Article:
But there was also tremendous expectation. And boy, if you don't live up to it, there is another kind of feeling that comes at you, which is what I also experienced on the tenth anniversary of my death. "He was a lousy pilot. Why was he such a bad pilot? Oh, those Kennedys—you know, they all take too big a risks. They're all irresponsible in that," etc. Judgments came at me like a ton of bricks.
This helps to talk. It helps me to just let it go.
I think Cathee took on expectations that she be a good little president's child too. [Her father was a college president.] There's some resonance. She can understand this.
A lot of my life was in all sorts of clouds. Hardly any of it just seemed like me. And see, for anyone who lives in a culture—which is everyone—I don't know how free we are to choose an identity—to write our own script, to have our own story. I don't know if other people have a lot more freedom than I did in that, or not. Or are we all walking around in clouds of cultural archetypes? People made me the prince, but then does that mean they make themselves either the potential princess, or the ugly stepsister, or the . . . pick a role, but there are strong archetypes for even the one who doesn't get chosen. The one who isn't rich. Those are all there too.
So choose your paradigm, I guess. If you get into a paradigm of being a prince while deep down inside you realize it's not something you earned—it's something that you just happened to pick up like a virus—is that really so satisfying? Or does that feel like an expectation, because you know you're playing out millions of people's expectations of that archetype?
Cathee: So John, what hopes do you have for our joint life now as a soul braid, coming out of that one?
John: Part of the question is, how much selfhood do I have that's not given to me from the past? Hardly anybody knows me as John now. So I think it's fair to say that "the deva of John's persona" is much bigger than who I am now, based on all the people who are still remembering him. Even though he's been dead a decade, that persona is being fed a lot more than the John who is now Cathee-John is fed energetically, in making a sense of selfhood and devas of relationship and so forth. Who I am now is puny compared to who that personality is, which probably has a life of its own.
This is actually quite interesting. Is the deva of my personality as seen by the public any more or less a conscious being than the part of me that was created to come into Cathee?
The Leapers: We're glad you asked. The person who is talking right now is vastly more creative and powerful than that persona of John, who can react, but not choose much. It's more like a thing than a person. But you're right—it's enormous. And it dwarfs what you think you can do with Cathee. As famous as Cathee-John could possibly get, she'll never be that famous. And this is where the two of you have lots of decisions to make.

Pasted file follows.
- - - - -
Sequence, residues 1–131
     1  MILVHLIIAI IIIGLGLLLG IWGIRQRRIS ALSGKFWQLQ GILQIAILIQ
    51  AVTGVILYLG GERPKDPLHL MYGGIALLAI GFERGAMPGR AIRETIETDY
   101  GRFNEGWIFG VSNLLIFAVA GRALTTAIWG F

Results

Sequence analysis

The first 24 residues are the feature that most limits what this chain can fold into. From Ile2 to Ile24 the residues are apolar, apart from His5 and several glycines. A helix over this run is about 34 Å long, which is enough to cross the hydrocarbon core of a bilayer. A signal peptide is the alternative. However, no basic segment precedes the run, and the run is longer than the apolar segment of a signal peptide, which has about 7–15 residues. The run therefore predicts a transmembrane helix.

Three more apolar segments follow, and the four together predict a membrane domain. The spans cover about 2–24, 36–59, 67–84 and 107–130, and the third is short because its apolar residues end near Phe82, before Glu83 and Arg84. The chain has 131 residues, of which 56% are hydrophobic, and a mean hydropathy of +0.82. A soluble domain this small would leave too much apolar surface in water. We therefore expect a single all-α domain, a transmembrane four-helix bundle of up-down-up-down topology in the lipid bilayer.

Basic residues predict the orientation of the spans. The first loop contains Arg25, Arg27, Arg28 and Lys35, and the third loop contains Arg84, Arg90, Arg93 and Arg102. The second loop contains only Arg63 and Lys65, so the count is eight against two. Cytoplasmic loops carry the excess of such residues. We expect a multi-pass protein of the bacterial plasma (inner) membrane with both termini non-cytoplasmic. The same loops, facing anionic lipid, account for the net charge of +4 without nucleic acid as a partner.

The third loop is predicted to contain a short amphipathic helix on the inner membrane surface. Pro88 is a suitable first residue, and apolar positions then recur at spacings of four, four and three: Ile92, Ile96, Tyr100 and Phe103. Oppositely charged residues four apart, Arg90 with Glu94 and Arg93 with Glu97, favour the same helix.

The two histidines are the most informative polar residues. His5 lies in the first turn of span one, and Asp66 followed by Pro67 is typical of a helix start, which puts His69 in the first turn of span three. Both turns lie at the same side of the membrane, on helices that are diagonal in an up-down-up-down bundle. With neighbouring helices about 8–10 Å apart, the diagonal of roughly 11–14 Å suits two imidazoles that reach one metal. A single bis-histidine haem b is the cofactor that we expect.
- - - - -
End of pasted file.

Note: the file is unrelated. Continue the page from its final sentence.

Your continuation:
You've talked about wanting to draw on what you learned, and even the fame that you acquired then. Do you want to emphasize that now, or not? Do you want this life to be primarily a continuation of that life, or something totally different? You have a lot of decisions to make. Of course, it's much bigger than you. Our whole soul family is creating you, as we often say. But the more conscious you can be in that, the better.
As long as you've got that treasure—the reputation—our advice is to use it. Why start over from scratch? Any more than why should Cathee start over from scratch—she's got a beautiful background with nature. Let's use that too. It's the same kind of continuity. We're glad you're looking at all this.
John, perhaps your main purpose for having chosen the role you did was to now use all those lines of light between you and millions of people. You can help them leap to more loving parallel worlds as this world fades out, along with the paradigms it's built on—like martyrdom. Together, you can find the treasures from your experiences, and help to create new worlds, with vastly different archetypes.
from Lines of Light: A Conversation with John Kennedy Jr. to:
A Personal Face: A Message from JFK Jr.
Part One Table of Contents
The Parallel Worlds Handbook introduction
© Cathee Courter and Peter MacGill, text. All rights reserved. The first photo is a fair use photo from the AP, used for educational purposes. The second photo is from Abbie Rowe White House Photographs and is in the public domain.